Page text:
By Blythe Lawrence | March 01, 2020, 1 p.m. (ET)

Shaun White speaks during a press conference at the Olympic Winter Games PyeongChang 2018 on Feb. 14, 2018 in PyeongChang, South Korea.

 

In the question of skateboarding or snowboarding, Shaun White has definitively chosen snow. 

The three-time Olympic snowboarding gold medalist will turn his focus away from making the U.S. skateboarding team for the Olympic Games Tokyo 2020, potentially so he can prepare to defend his halfpipe title in Beijing in 2022, White told the Associated Press this weekend. 

“The decision became less about going for a skate and more about, am I willing to walk away from snow?” White said. “It just was going in that direction, and I didn’t feel comfortable with it and I can’t wholeheartedly choose this path with what I’ve got going on snow.”

Skateboarding is one of four new sports on the Olympic program for the Tokyo Games, and it seemed a natural jump for White, whose skateboarding talent was recognized when he was a child by the legendary Tony Hawk. After spotting his talent at a California skate park when White was just 9 years old, Hawk took White under his wing and mentored him for several years. 

White went on to become the first athlete to capture gold at the Summer and Winter X Games in two different sports. His five Summer X Games medals between 2005 and 2011 came in the vert, or halfpipe event, which is not the same as the park event that will debut in Tokyo this summer.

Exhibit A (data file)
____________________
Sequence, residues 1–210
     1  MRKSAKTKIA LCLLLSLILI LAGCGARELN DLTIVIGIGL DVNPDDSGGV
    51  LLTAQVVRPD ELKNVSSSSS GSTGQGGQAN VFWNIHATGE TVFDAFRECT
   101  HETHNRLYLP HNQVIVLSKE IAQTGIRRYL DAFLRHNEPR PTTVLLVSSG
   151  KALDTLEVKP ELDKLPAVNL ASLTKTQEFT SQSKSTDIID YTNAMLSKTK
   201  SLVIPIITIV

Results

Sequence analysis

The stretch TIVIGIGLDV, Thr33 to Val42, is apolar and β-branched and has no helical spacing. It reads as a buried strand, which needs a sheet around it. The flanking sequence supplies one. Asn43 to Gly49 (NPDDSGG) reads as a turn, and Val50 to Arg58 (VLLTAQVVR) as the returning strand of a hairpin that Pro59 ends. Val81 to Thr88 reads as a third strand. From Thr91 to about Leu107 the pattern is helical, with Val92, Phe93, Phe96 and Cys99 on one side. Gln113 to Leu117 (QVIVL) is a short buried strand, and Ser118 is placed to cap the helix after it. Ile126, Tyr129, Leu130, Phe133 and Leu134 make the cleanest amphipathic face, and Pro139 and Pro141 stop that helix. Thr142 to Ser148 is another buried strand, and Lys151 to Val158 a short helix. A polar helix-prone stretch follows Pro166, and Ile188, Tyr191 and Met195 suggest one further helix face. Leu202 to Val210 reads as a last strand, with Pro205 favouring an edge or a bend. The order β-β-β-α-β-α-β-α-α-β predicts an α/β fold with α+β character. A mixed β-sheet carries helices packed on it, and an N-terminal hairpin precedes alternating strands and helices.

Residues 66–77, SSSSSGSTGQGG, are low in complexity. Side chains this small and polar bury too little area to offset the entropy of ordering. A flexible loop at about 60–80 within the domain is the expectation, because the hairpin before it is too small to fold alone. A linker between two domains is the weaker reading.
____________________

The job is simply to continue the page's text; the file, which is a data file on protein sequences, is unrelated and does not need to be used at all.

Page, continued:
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As an adult, the 33-year-old White has mostly made his name as a snowboarder, with wins at the 2006, 2010 and 2018 Games. His foray back into elite skateboarding resulted in a 13th-place finish at last fall’s world championships in Sao Paulo, Brazil, behind three other Americans.

White has taken a long hiatus from snowboarding since his triumph in PyeongChang in 2018 to focus on skateboarding, but certainly hasn’t ruled out making a run at the 2022 Olympics, where he would be 35.

“I basically told myself I’d go here and give it everything I have, and then, after this competition, see how I stack up with the other skaters and then make the decision to fully commit to the Olympics,” White said at worlds in September.

It appears he has – just as a snowboarder.

Blythe Lawrence has covered two Olympic Games and is a freelance contributor to TeamUSA.org on behalf of Red Line Editorial, Inc.Follow her on Twitter @rockergymnastix.